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Size does matter
  1. SIMON CHAPMAN, Editor

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    Last year a coalition of public health groups succeeded in convincing the Australian government to end the country's historic system of taxing cigarettes by weight and to replace it with the near-universal practice of taxing per stick. There were considerable financial benefits to government in switching to a stick-based system, although the federal treasurer announced the decision as being health-based. The weight-based system had produced a situation where the three tobacco companies reduced the size and weight of cigarettes to fit them into a variety of pack sizes (20s, 25s, 30s, 35s, 40s, and 50s) with considerable variation in price per stick allowing them to target low-income groups, including children.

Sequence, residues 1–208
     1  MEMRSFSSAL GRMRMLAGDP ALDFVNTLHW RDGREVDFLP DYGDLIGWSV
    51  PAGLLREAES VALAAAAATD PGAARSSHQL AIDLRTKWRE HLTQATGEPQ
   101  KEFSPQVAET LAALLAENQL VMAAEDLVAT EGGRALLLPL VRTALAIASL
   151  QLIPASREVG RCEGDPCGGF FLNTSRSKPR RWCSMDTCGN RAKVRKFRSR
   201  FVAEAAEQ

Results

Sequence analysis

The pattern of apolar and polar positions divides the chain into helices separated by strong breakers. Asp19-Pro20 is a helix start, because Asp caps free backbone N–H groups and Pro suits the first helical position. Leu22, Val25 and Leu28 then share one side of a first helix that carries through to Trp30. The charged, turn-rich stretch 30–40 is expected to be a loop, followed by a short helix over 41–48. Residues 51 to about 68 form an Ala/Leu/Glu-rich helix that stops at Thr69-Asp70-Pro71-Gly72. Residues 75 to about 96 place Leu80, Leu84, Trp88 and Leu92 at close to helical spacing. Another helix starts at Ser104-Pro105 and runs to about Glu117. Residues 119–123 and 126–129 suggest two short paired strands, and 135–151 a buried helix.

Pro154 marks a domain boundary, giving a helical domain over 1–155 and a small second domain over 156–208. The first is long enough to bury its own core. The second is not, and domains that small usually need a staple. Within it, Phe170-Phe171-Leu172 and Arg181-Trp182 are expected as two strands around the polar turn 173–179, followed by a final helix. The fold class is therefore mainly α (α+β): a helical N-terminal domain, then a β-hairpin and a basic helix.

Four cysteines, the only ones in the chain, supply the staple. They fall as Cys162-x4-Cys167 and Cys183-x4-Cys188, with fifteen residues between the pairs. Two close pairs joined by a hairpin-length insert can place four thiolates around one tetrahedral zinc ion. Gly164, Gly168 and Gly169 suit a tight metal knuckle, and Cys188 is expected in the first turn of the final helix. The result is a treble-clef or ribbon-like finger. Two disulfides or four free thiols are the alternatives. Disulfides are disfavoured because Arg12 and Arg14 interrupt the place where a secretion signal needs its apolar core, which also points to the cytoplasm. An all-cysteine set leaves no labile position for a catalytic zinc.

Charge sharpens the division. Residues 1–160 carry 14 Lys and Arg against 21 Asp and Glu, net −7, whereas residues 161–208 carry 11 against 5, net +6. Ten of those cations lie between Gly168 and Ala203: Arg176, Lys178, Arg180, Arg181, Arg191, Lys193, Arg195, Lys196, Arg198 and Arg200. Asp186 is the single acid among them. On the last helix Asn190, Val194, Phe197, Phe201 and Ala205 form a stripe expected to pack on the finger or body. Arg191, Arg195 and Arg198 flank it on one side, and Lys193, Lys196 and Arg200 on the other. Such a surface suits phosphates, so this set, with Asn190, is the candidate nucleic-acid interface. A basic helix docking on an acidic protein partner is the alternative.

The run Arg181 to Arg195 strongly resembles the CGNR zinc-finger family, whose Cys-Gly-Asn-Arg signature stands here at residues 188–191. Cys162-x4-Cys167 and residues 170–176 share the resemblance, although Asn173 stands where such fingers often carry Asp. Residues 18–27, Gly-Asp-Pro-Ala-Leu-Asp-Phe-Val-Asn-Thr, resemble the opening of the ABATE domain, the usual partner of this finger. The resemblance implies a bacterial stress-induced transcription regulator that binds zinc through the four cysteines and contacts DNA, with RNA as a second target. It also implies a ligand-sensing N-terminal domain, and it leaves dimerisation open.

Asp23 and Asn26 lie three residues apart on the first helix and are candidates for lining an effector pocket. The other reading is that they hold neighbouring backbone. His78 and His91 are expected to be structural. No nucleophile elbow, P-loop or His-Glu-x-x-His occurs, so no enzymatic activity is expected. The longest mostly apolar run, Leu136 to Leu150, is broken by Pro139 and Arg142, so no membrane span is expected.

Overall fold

With point-of-sale (in-store) advertising being all that remains in Australia, one company—the BAT-owned WD & HO Wills—is attempting to continue the “size matters” pitch to its customers. With its advertising agency drawing on the most subtle double entendre, the top figure shows an appeal for the Horizon brand to what the market research undoubtedly uncovered as Australian male smokers' concern about the size of their “wedding tackle”.

    The bottom figure shows a spoof advertising campaign for the more aptly named Notrizon that Tobacco Controlunderstands will be seen on Australian billboards in the months ahead.